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Little Consistency in Intensive Treatment for Pediatric Asthma Across Hospitals
A recent survey of asthma treatment in intensive care units of children's hospitals in the US reveals wide variability between institutions in both medication and ventilation interventions.
A new report by the Centers for Disease Control and Prevention, with over 200,000 respondents in more than 20 states, indicates that adults working in the healthcare and social services field have higher incidence of asthma than people employed in any other industry.
Researchers have been exploring the “shock and kill” method to get rid of the virus for good, but a new study warns that the strategy could make things even worse.
A new analysis indicates that a 25% reduction in exposure to certain household chemicals would reduce diabetes cases by approximately 13%, enough to save billions of dollars in annual health costs.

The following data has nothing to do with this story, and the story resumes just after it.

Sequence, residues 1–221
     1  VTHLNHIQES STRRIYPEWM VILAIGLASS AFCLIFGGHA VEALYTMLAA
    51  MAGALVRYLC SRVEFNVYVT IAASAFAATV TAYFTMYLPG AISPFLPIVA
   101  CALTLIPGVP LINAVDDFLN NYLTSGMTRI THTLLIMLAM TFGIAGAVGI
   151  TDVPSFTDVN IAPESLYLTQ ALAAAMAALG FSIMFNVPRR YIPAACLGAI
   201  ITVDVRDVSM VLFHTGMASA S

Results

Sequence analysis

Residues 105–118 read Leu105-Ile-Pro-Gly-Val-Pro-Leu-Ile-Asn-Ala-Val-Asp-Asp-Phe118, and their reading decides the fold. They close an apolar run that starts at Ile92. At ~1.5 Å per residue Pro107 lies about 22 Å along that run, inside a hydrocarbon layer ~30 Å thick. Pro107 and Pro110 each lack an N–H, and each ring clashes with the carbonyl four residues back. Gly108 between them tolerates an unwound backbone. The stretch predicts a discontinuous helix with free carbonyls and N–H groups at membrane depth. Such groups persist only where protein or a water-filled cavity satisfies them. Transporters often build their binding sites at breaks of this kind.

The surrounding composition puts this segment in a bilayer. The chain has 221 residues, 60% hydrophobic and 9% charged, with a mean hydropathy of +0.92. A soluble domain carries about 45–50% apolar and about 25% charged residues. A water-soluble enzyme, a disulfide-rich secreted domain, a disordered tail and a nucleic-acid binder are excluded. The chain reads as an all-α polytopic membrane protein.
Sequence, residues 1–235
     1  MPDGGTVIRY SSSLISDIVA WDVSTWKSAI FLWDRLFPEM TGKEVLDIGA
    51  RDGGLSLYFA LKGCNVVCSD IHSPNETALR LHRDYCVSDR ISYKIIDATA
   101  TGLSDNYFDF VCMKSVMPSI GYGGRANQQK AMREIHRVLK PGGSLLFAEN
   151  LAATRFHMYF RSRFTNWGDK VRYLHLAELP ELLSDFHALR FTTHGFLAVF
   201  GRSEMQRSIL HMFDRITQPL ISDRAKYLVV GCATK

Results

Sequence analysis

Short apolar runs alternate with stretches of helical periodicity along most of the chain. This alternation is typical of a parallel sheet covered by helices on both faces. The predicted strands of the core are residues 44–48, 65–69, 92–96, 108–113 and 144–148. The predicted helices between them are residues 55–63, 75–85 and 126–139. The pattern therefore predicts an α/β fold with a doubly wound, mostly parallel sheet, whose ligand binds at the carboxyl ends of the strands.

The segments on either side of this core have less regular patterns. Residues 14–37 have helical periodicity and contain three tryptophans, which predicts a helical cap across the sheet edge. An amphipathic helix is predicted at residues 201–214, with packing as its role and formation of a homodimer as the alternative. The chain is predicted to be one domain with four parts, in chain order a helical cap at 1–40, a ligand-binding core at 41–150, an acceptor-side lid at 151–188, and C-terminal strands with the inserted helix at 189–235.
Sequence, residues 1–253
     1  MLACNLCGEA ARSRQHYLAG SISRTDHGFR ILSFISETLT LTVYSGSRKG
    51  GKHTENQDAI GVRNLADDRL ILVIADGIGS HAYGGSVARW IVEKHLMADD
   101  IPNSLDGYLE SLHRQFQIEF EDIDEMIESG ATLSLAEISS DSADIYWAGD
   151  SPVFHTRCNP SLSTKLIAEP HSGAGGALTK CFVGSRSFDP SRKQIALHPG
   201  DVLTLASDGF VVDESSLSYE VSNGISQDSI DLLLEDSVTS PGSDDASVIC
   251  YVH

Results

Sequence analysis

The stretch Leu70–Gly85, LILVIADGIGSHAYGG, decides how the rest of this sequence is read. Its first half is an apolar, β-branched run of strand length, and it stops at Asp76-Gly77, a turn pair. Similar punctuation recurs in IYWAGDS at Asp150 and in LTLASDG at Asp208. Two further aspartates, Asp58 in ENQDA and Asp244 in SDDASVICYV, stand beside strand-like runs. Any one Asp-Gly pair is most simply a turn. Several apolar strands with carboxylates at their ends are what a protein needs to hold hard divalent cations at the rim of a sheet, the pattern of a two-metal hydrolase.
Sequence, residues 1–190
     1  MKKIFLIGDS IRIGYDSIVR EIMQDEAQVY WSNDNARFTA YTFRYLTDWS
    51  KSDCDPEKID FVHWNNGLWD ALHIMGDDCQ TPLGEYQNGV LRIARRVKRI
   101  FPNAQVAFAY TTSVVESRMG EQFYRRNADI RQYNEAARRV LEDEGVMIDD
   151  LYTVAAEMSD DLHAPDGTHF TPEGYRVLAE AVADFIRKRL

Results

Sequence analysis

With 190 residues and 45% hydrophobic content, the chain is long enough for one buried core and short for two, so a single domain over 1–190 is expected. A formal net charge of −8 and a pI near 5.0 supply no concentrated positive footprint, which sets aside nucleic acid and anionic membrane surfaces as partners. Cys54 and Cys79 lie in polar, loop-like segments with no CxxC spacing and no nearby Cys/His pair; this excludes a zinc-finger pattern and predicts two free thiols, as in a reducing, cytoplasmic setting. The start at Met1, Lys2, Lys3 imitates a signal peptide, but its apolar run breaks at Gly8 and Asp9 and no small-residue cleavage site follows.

Studies that found no connection are outliers, the authors of the new meta-analysis write. They believe the findings have been consistent enough to assert a certain link between pollution exposure and juvenile asthma, but they note that many important questions remain.
A team was able to demonstrate that spinal cord injury causes the relocation of some of the gut’s bacteria from sterile tissues to other locations throughout the body, and it appeared that these changes were linked to the activation of the immune system cells in the gut.
Empagliflozin was approved to reduce heart and stroke risk in patients with diabetes.
Several studies have shown that patients with sleep apnea are more likely than others to develop atrial fibrillation, but recent information indicates that any type of disrupted sleep may indicate an elevated risk.
At AHA 2016, Poushali Mukherjea, PhD, Bristol-Myers Squibb, was proud to present with her team 12 abstracts bringing in new scientific data covering real world data and sub analyses from their pivotal trial ARISTOTLE.

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